The Best and Worst of the A.J. Preller Era

(AP Photo/Gregory Bull)

The Best

November 13, 2015: Padres trade Craig Kimbrel to the Boston Red Sox for Carlos Asuaje, Javier Guerra, Logan Allen, and Manuel Margot

While it was fun to see one of the best closers in the game in a Padres uniform for a season (Kimbrel saved 39 games with a 2.58 for San Diego in 2015), the haul Preller received from Boston for Kimbrel’s services could impact the Padres for years to come.

First of all, they found their center fielder of the present and future in Margot. He has already shown that. He finished sixth in National League Rookie of the Year voting, and frankly that was way too low. He hit .263, stole 17 bases, and hit 13 home runs and seven triples at the plate. His value doesn’t stop there. In center field, the toughest position at which to maintain defensive success, he posted  +9 Defensive Runs Saved. He plays a future Gold Glove-caliber defense in center.

The handsome return for Kimbrel doesn’t end with Margot. In fact, it’s just the beginning. Carlos Asujae has also proven valuable early in his major league career. He hit .270 in 89 games this past season for the Friars. His glove is developing nicely at second and should the Padres deal away Solarte, Asuaje could step into the everyday role. He puts up a nice at-bat and has a lot of upside.

Javier Guerra was perceived as the best piece in the trade at the time. That is proving to not be the case. The 22-year-old shortstop hit just .212 in 39 games for Double-A San Antonio after being promoted from Lake Elsinore (where he still didn’t impress with a .226 average).

Logan Allen should get Padres fans excited. When you add the success Margot has had already with the upside of Asuaje to Allen’s development, this was a steal. According to MLB.com, Allen is the Padres’ number 13 prospect. In 24 appearances combined for Fort Wayne and Lake Elsinore in 2017, he posted a 2.95 ERA. He had 142 strikeouts in 125 innings. He is certainly someone to keep an eye on down on the farm.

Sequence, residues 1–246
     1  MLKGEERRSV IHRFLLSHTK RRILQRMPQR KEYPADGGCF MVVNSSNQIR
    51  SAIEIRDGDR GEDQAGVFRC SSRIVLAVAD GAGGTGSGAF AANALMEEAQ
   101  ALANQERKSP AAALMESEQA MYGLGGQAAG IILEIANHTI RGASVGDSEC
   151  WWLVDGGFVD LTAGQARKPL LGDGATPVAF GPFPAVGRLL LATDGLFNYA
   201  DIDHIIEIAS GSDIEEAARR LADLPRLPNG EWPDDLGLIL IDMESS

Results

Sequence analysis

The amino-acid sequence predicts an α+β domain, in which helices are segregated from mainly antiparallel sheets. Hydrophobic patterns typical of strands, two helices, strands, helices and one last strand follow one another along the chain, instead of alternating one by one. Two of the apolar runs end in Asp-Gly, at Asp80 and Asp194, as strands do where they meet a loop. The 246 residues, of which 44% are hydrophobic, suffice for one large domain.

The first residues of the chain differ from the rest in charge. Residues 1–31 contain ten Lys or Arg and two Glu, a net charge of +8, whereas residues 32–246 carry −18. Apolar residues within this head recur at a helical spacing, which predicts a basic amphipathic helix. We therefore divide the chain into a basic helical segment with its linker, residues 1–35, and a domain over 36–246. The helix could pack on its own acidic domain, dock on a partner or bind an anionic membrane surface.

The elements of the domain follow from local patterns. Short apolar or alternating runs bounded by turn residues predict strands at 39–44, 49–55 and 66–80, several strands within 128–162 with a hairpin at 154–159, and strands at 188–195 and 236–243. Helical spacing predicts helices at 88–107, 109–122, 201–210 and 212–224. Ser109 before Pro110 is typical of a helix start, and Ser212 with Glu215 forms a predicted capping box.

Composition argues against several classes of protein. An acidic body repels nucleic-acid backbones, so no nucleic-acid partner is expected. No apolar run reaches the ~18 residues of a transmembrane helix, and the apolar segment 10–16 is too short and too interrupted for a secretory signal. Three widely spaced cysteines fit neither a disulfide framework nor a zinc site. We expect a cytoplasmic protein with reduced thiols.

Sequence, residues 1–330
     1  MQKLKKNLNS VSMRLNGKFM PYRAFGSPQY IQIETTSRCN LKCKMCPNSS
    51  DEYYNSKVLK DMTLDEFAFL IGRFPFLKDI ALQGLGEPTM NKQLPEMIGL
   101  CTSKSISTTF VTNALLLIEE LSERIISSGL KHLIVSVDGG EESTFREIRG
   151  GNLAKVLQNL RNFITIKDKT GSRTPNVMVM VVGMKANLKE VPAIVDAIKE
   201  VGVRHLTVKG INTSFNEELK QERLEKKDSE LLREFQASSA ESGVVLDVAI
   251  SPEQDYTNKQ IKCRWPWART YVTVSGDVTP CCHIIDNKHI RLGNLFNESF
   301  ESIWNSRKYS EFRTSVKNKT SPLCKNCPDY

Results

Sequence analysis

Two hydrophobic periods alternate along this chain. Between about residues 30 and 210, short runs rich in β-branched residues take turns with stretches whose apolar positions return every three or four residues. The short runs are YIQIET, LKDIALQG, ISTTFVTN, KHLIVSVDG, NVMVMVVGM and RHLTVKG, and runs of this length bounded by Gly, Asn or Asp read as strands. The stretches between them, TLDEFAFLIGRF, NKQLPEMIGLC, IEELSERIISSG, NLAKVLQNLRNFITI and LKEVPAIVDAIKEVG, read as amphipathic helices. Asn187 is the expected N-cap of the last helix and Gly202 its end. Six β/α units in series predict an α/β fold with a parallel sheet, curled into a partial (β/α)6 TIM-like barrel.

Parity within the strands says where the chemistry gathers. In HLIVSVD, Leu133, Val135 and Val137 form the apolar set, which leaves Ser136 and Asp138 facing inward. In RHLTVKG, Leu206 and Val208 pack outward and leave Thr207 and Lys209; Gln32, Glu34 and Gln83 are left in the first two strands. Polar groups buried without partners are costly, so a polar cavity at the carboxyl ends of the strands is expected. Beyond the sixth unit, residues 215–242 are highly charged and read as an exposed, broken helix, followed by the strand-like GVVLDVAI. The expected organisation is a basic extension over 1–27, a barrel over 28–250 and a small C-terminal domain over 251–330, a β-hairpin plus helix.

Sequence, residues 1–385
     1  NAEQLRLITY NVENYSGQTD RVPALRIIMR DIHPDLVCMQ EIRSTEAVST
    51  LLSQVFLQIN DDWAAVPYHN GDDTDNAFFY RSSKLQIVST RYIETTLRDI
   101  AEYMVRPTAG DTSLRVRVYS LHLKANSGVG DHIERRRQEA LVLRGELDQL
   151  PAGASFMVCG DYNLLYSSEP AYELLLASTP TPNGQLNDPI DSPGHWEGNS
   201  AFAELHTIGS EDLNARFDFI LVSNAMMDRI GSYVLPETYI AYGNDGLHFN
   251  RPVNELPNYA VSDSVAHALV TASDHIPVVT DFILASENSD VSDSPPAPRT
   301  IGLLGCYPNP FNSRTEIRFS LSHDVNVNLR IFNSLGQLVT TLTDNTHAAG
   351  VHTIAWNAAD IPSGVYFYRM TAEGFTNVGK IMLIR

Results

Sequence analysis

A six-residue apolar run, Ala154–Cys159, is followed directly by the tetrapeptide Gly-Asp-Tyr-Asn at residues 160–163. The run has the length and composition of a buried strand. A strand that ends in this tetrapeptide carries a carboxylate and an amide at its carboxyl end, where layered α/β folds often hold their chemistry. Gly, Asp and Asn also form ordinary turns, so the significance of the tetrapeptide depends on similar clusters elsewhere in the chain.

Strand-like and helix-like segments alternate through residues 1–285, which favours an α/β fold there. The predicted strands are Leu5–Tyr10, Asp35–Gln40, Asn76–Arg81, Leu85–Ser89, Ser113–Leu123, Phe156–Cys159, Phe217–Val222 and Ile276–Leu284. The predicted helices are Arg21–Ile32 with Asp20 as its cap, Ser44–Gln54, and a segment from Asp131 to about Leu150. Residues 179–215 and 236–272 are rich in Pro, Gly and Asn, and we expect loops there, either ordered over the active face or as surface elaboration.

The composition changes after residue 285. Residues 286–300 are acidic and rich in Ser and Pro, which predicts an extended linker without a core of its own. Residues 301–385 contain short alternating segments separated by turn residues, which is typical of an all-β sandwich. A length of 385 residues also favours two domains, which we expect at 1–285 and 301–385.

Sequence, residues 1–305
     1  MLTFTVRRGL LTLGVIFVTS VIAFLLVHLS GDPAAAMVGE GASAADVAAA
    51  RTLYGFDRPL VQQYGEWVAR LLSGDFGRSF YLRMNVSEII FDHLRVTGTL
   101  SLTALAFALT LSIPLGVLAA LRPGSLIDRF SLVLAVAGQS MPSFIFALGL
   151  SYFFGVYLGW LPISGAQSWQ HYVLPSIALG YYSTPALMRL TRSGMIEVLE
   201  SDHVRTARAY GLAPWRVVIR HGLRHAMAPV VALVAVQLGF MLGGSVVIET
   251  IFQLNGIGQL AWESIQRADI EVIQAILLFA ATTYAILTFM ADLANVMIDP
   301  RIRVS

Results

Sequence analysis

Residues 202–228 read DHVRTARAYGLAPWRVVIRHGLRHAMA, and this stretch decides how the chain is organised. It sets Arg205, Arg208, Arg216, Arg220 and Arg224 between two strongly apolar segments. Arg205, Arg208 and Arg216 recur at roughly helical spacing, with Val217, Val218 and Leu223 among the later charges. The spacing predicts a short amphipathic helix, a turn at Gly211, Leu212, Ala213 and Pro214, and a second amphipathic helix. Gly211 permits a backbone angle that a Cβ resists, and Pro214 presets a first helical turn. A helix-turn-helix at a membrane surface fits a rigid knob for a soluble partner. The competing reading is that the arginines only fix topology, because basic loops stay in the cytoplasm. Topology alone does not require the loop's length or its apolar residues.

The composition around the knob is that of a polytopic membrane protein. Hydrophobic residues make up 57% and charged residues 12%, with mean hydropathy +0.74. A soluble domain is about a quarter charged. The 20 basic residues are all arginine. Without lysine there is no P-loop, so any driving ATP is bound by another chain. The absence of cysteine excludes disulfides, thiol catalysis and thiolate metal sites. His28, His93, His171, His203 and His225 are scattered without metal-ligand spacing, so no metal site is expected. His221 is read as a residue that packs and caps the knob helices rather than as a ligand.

Bravo, Preller.

Credit: USA Today Sports

April 8, 2016: Padres claim Brad Hand off of waivers from Miami

Preller nailed it on this one. Hand was coming off of five seasons of “meh” with the Marlins. In 2015, he had a 5.30 ERA in 38 games. Who knew that less than two years later, he would be one of the most coveted relievers in baseball? Preller helped Hand get into the right situation with good coaching and he took off. In 2016, he led the majors with 82 appearances, yet maintained a 2.92 ERA.

In 2017, he went even further in his development. He became an All-Star with a 2.16 ERA and 21 saves after the departure of Brandon Mauer. Preller did not trade Hand during the deadline, much to the surprise of just about everyone. He also survived winter meetings, still on the Padres’ roster. What is Preller’s plan with Hand? We don’t know. What we do know is that Hand has had an incredible turnaround with the Padres, and give Preller a ton of credit for finding this diamond in the rough.

December 6, 2016: Padres sign Jose Pirela to a minor league contract